The Transylvania Club has quite a few active social groups, as well as events throughout the year. First, let’s take a look at the more musical groups. The Ballroom Dance Group, open to youths aged 14-20, consists of an eight-month course in which couples will learn a variety of ballroom dances, including the Viennese waltz and the foxtrot. After the eight months, participants will perform at the Transylvania Club’s annual April meeting and receive certificates. The Youth Dance Group (Jugend Tanzgruppe), for members aged 14-23, perform traditional dances throughout the year. They have two costumes: German outfits, and specifically Transylvanian ones. They’re one of the Transylvania Clubs most active groups (particularly during Oktoberfest), and they’ve performed in multiple countries (including Austria and Germany). The Hofbräu Band is a big, bold, brass band that meets weekly to perfect their range of German tunes. They’ve been running for over 50 years – the Hofbräu Band was at the first Kitchener-Waterloo Oktoberfest! Finally, there is the Transylvania Choir, a group with over 45 members with ages ranging from 20 to over 80. This is another of the Transylvania Club’s earliest groups. They meet weekly (on Monday evenings), and they host annual spring concerts.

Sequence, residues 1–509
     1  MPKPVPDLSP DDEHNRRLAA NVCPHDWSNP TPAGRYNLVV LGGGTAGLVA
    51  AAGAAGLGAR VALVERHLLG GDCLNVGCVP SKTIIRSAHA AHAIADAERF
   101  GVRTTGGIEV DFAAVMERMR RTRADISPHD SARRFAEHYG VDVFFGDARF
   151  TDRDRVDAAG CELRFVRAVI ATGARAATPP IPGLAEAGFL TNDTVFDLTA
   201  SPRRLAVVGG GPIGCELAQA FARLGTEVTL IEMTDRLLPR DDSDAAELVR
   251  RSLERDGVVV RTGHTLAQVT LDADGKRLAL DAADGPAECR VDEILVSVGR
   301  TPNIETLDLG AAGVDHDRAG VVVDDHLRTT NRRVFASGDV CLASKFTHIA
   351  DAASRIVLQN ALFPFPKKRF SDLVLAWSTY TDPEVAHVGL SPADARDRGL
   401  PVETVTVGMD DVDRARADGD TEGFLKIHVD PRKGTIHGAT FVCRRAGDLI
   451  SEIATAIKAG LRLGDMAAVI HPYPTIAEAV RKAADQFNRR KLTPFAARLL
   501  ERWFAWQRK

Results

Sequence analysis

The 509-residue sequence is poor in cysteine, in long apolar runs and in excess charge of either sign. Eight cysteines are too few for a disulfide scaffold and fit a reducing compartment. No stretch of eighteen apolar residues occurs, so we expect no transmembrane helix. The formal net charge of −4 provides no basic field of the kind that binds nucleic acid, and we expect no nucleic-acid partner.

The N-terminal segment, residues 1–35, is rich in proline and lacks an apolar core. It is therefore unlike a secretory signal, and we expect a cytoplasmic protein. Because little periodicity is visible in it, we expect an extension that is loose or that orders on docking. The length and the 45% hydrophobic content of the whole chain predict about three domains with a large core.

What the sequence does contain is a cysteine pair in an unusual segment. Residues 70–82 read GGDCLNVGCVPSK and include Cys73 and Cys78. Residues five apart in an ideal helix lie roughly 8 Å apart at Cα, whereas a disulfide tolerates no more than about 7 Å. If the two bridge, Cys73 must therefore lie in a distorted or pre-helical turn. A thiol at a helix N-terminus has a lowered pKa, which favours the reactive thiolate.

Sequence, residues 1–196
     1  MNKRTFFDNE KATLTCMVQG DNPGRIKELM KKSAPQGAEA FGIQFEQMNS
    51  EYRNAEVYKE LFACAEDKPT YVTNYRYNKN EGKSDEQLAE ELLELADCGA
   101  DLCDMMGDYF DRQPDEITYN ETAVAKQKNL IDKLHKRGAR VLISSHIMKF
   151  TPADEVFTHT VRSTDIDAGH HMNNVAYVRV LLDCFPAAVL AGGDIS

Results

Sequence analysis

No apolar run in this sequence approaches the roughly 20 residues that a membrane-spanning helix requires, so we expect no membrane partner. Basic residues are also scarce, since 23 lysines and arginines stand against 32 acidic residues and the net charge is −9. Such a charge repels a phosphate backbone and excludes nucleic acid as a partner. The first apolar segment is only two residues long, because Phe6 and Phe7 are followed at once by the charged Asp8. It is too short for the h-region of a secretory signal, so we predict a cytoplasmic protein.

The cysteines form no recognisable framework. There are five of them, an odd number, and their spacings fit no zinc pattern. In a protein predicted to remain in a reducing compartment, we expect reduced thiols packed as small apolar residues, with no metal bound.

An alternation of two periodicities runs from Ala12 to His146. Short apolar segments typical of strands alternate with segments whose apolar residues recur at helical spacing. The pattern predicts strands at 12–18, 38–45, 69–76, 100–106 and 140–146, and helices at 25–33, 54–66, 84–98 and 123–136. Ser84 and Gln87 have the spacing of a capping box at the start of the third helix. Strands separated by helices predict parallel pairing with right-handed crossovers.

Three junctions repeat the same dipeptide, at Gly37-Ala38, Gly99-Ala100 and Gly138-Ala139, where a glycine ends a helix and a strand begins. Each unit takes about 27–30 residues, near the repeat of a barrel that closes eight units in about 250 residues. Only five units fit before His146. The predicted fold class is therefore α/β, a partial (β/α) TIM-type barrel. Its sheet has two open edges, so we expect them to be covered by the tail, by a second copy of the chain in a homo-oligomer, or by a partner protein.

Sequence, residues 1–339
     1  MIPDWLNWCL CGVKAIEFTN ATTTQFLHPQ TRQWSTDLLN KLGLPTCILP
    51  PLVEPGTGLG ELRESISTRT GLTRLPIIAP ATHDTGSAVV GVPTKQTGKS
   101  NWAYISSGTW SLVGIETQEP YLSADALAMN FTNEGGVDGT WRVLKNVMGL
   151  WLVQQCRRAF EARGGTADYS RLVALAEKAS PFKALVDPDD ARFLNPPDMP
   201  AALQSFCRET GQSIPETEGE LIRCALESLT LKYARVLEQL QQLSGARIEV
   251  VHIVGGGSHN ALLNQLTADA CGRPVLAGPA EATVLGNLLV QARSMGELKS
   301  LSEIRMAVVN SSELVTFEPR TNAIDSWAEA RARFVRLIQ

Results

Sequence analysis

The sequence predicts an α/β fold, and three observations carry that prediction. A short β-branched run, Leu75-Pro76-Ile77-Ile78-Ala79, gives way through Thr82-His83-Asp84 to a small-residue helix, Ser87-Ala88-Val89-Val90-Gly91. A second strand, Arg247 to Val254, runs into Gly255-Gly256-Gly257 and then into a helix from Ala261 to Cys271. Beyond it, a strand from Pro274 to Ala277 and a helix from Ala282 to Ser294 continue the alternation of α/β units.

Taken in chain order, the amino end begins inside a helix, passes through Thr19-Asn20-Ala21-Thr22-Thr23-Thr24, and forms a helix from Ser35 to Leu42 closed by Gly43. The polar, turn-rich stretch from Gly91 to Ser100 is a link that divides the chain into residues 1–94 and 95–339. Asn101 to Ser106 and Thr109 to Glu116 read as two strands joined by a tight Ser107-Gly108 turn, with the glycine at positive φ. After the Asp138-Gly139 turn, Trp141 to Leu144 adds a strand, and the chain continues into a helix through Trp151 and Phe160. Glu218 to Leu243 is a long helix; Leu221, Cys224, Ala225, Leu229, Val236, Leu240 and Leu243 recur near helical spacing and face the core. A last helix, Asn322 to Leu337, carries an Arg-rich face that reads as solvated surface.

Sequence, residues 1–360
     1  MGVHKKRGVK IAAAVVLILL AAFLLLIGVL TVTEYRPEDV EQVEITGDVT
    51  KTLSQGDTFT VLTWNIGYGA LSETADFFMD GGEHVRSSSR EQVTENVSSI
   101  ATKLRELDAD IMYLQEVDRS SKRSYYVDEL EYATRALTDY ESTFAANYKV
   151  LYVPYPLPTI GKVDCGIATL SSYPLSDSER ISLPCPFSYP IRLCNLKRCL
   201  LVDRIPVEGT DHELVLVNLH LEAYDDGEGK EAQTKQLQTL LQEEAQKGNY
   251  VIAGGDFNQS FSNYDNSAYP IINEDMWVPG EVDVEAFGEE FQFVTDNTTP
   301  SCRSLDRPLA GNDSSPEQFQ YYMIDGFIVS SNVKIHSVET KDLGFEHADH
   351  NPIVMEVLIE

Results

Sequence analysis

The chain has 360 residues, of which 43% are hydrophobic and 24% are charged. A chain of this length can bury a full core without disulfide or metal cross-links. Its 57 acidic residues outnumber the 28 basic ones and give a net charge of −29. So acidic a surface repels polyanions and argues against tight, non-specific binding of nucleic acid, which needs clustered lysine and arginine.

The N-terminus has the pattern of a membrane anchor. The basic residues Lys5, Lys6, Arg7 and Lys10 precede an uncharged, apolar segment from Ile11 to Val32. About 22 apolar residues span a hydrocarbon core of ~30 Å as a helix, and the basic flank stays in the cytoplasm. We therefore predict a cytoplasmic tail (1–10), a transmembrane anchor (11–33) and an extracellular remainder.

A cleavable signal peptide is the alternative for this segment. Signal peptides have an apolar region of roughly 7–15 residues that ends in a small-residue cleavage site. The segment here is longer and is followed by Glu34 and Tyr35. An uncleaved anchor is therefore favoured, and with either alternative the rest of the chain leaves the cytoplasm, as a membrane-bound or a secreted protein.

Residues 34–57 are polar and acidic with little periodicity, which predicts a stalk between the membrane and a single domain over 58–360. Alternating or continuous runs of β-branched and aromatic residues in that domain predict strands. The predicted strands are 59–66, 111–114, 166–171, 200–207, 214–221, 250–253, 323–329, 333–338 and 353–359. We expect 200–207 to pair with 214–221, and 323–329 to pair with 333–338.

As for the Transylvania Club’s less musical groups, there are several options. The Bowling League (Kegelgruppe) runs from September to April (with a banquet in May), and bowls every other Friday at the Towne Bowl bowling alley on Ottawa Street. There are currently fifteen members, and the Alpine Club (another of Kitchener’s German clubs) has bowled with the Transylvania Club since 2010. The Children’s Group (Kindergruppe) is open to boys and girls aged 4-12; they develop friendships and learn about the Transylvania Club’s culture and traditions, including folk songs and crafts. The Seniors Group (Seniorengruppe) has brought senior members together since 1998. The final active group is the Ladies Auxiliary Group (Frauenverein). This group actually predates the Transylvania Club: back in 1932, the Saxon Women’s Organization formed, organizing parties and charities together with local Schwaben women (there is now a Schwaben Club in Kitchener, too). The Ladies Auxiliary Group became part of the Transylvania Club when it opened, and to this day, they host and participate in a wide range of events. There is an annual Ladies Banquet in February, as well as a very popular Ladies Christmas Dinner.
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The Transylvania Club holds events all through the year, and their various groups give members a great way to connect with the community and understand the Transylvania Saxon traditions. It’s a great part of the city – just swing by the Transylvania Haus during Oktoberfest, and you’ll understand.
Written by Will Kummer